Ventoy: A Great Utility for Bootable Media
I distro-hop quite a lot, sometimes to check out the new features of a distro and get a little feel for it, other times just to check the compatibility of different pieces of software. For these reasons, I might stay with a distribution for a long period of time or just for a few things here and there, but no matter the reason, I need to create a bootable media from the respected ISO files and burn them to a USB and so on, and I have to do it every time I want to change the distro for some reason I need a bootable media.
Up until now, I have been just using the
dd command to create a bootable drive, or for Windows, my go-to choice has been rufus. Both of these methods get the job done, but it’s quite repetitive, and no matter how small the installation ISOs are, once I burn them to a drive, I can’t use the drive for anything other than as boot media. A project called ventoy addresses all these issues with its unique approach to creating and using bootable media.
Ventoy is an open-source tool to create bootable USB drives for ISO/WIM/IMG/VHD(x)/EFI files. With ventoy, you don’t need to format the disk over and over; you just need to copy the ISO/WIM/IMG/VHD(x)/EFI files to the USB drive and boot them directly. You can copy many files at a time, and ventoy will give you a boot menu to select them.
It supports BIOS and UEFI, has support for over 1100+ image files, and supports over 90%+ of distros on distrowatch.com including all versions of Windows. I personally never had any compatibility issues with it, but ventoy maintains a compatibility list on their site that is tested and certain to work.
To put it in simple terms, Ventoy divides a USB’s storage block into two partitions: one for boot that has all the necessary stuff for booting off of it, and another for storing all the bootable images that you can use as regular storage as well. All we have to do is just copy-paste whatever image media is on the other partition, and we can select it at the boot screen of ventoy.
It has really straight-forward guides for installing ventoy as a driver, both for Windows and Linux. For Windows, it has an excellent wizard to just select a USB and create bootable media out of it. In short, I’ll go over a simple way to install it on a Linux machine.
To download it, head over to their GitHub releases page and download the latest version’s compressed file for Linux.
Extract the downloaded file with:
Now go to the extracted folder and locate
VentoyWeb.shwe’re going to use this to run the Ventoy webUI, which is, in my opinion, the best way to get ventoy running on a USB drive…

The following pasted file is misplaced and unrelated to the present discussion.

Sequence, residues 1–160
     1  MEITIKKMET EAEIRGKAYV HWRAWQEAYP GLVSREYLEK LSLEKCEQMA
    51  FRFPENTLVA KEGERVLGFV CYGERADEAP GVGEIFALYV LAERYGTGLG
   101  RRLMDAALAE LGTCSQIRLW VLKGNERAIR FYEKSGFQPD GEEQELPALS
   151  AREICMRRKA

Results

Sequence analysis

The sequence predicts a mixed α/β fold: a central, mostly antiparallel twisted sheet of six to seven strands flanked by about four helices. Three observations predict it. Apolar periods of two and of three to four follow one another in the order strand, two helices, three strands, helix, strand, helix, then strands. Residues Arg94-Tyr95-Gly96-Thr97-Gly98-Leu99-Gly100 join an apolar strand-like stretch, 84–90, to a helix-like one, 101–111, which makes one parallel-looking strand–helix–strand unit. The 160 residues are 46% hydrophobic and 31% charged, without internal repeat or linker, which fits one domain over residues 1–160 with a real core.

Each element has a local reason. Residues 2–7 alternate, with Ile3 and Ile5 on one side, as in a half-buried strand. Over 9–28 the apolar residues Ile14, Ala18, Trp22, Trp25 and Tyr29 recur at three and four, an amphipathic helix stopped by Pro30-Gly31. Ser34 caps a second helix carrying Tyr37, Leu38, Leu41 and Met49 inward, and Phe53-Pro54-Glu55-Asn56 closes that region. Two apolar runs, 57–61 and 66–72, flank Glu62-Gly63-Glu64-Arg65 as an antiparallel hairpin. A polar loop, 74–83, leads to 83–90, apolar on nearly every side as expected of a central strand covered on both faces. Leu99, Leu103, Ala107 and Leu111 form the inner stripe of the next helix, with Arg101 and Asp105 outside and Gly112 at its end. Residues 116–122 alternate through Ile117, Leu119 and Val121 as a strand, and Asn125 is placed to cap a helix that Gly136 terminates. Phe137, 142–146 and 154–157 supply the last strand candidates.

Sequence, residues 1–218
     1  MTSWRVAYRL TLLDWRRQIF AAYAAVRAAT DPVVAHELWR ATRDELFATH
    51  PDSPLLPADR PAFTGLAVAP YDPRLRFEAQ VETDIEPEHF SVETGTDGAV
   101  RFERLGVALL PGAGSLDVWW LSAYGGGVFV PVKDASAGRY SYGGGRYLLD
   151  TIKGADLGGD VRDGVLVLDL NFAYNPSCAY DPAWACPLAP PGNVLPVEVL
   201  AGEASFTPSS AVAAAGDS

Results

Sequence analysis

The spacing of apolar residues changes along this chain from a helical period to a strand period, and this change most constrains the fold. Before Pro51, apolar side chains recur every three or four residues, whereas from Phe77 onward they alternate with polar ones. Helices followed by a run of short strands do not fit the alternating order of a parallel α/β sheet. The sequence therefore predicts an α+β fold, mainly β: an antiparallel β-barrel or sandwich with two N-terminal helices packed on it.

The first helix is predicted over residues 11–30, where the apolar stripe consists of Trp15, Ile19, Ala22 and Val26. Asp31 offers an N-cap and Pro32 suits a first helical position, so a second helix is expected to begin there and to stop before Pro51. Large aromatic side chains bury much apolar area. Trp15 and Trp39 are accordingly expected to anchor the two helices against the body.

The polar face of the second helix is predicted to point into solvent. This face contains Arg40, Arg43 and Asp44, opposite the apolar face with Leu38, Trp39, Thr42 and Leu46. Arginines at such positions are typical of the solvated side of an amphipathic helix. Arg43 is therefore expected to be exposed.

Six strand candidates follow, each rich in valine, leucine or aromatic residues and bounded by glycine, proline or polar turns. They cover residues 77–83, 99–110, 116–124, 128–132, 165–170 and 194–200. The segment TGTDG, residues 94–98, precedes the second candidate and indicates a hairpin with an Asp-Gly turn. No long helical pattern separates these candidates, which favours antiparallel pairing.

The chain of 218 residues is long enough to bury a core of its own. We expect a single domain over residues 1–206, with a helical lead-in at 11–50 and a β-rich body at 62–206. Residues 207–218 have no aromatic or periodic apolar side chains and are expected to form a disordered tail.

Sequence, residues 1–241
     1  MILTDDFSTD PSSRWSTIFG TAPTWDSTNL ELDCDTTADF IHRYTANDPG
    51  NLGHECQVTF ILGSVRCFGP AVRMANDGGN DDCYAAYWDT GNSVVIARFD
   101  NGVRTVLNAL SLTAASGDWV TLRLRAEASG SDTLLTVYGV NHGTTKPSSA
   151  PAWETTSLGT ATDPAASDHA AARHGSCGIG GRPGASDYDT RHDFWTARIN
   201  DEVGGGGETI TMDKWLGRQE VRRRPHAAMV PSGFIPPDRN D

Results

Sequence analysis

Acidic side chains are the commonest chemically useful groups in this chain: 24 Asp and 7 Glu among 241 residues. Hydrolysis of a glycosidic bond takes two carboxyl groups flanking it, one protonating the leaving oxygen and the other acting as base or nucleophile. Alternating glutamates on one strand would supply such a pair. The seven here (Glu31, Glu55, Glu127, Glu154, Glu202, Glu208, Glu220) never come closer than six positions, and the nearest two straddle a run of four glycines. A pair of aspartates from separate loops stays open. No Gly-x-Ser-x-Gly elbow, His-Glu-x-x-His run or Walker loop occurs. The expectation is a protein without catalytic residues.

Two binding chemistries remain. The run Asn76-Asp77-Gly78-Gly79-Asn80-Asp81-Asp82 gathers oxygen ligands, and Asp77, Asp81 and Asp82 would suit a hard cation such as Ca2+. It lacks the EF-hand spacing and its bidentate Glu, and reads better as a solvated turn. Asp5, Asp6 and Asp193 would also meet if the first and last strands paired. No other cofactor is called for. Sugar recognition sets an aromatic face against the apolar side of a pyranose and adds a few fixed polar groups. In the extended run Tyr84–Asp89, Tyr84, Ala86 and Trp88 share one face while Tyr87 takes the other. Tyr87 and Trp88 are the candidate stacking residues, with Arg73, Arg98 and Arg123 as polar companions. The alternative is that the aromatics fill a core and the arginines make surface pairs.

Now plug in the USB drive you want to use as a bootable drive.
Run the following command to run ventoy webUI locally
Open a web browser and go to
http://127.0.0.1:8080you should have a web page like this with all your connected USB drives listed.
Select the driver you want to use from the drop-down menu and click “Install” on the page.
If you don’t see your device listed, try plugging it in and refresh the page. If you still have the problem, select the list all devices from the options menu and refresh…
- On clicking install, you should follow the warning messages, read them carefully, and proceed if everything seems correct.
- After a successful operation, you should see
Ventoy In Deviceshowing the latest version number that we have downloaded. At this point, you can close the running http server that we started by running the commands using
Clear Ventoyfrom the options’ menu. That process will also clear your data and all the other things that you may have stored on a regular partition.
- And that’s all you have to do as far as installing Ventoy on a USB media, on successful installation, you should see a volume mounted as
Ventoyin your file manager.
Using ventoy is as easy as copying and pasting the whatever OS ISO you want into the ventoy volume mount. You can store multiple ISO files, and even utilize this mount as regular storage. When we boot from this disk, we’ll have a selection menu of all the ISOs we pasted, and we can select from which to boot into that ISO without burning it. E.g.::
We will download Arch Linux and Windows 11 IOS and put both of them in the ventoy mount at root.
After which, we’ll boot from the USB from our boot menu by selecting our USB drive, and we’ll see a menu something like this:
In this menu, we’ll have a list of all the ISO files we have in the ventoy mount. We can select any of them and boot into them; in this case, we’ll select Arch Linux and press enter.
And will have some options for boot. Select the first option
Boot in normal modeand press enter…
And that’s it. We’ll boot into the Arch Linux ISO; we can do the same for the Windows 11 ISO, as well as any other ISO we want to boot into…
Overall, Ventoy is one of the best ease-of-life utility I use. If you need to create bootable media quite frequently or just want to have bootable media for your system, ventoy is a great choice.